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Legislative Update: May 8, 2017

Posted By Administration, Monday, May 8, 2017

14 Days Remain

With just two weeks remaining before the constitutional adjournment deadline of the legislative session on Monday, May 22, the final stretch is upon us. Last week conference committees released almost all of their negotiated reports, representing the Republican-controlled legislature’s final proposed budget before beginning negotiations with Governor Mark Dayton.

In January, Gov. Dayton offered a complete proposal for the state budget (it was revised in March following the February budget forecast showing an increase in the budget surplus) which totaled $46.1 billion over two years with an additional $295 million in tax cuts, while the joint House and Senate budget comes to a total of $44.8 billion over two years with a $1.15 billion in tax cuts. In addition to negotiating the state budget and tax cut package, the legislature and governor have to agree to terms of a bonding bill (more on this below), Real ID implementation and the pre-emption bill that would create state-wide labor standards, among many other things.

Jobs Conference Committee Numbers Set, Negotiations on Tap

The biggest news of the week came Monday, when members of the joint House/Senate Conference Committee on Jobs met at the Minnesota Senate Building to release their spreadsheet. The numbers for EDAM initiatives are generally good. They are lower than many had hoped, but they are generally funding amounts that will allow some good work going forward. Most key numbers reflect a true compromise between the less favorable House position and the more favorable Senate position.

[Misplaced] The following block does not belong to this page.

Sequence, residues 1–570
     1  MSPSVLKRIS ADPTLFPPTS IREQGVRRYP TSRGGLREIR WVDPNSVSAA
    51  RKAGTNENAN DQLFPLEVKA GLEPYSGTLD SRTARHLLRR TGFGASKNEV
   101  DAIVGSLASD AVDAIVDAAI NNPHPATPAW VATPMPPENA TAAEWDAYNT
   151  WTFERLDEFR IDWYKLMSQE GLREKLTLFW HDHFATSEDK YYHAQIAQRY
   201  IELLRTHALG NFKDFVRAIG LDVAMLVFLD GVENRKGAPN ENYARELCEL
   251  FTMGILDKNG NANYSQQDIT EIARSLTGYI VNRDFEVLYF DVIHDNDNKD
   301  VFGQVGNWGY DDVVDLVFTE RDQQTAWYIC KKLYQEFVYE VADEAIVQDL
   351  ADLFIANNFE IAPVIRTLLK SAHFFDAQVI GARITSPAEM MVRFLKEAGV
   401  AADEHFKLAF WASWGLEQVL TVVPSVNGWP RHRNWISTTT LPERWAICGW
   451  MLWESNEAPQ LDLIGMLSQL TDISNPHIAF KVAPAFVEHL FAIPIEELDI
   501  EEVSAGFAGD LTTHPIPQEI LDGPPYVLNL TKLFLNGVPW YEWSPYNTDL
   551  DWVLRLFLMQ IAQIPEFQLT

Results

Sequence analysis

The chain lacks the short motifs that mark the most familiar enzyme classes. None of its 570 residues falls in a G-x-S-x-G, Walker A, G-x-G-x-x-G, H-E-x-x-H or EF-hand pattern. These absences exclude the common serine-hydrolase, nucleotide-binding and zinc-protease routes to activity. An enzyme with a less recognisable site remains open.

The full spreadsheet is available at

Unfortunately there is no funding included for the Redevelopment Grant Program. But some key positive funding numbers in the bill include:

  • The Minnesota Investment Fund receives $24 million for the biennium.
  • The Job Creation Fund receives $15 million for the biennium.
  • The Border to Border Broadband Grant Program receives $15 million for the biennium.
  • The Broadband Development Office receives $500,000 for the biennium.

As a reminder, EDAM members are strongly encouraged to reach out to their elected officials in these last few weeks to support funding for these important initiatives.

Internet Privacy Provisions

Near the end of 2016, then-President Barack Obama established rules for the Federal Communications Commission that would prohibit internet service providers (ISPs) from selling customer data without receiving consent. Early in 2017 there was a law passed at the federal level overriding the rules that were supposed to take effect later this year. In response to concerns from Minnesotans, there was a provision added to both the House and Senate Jobs omnibus bill that would limit what ISPs can do with their customers’ data without receiving their consent.

This week in conference committee negotiations the provision limiting ISPs’ ability to sell data was removed from the Jobs omnibus bill. Sen. David Osmek (R-Mound), chair of the Senate Energy and Utilities Finance Policy committee, said that while the provision has been removed, that doesn’t necessarily mean that the language won’t be reattached to the bill as session continues, saying it is a “work in progress” and that “every Minnesotan’s privacy rights are the same today as they were on January 1.” Rep. Paul Thissen (DFL-Minneapolis), who offered the provision in the House, said that he is confident the work will continue on internet privacy and he believes the work will get done to include the bill in the Jobs omnibus bill.

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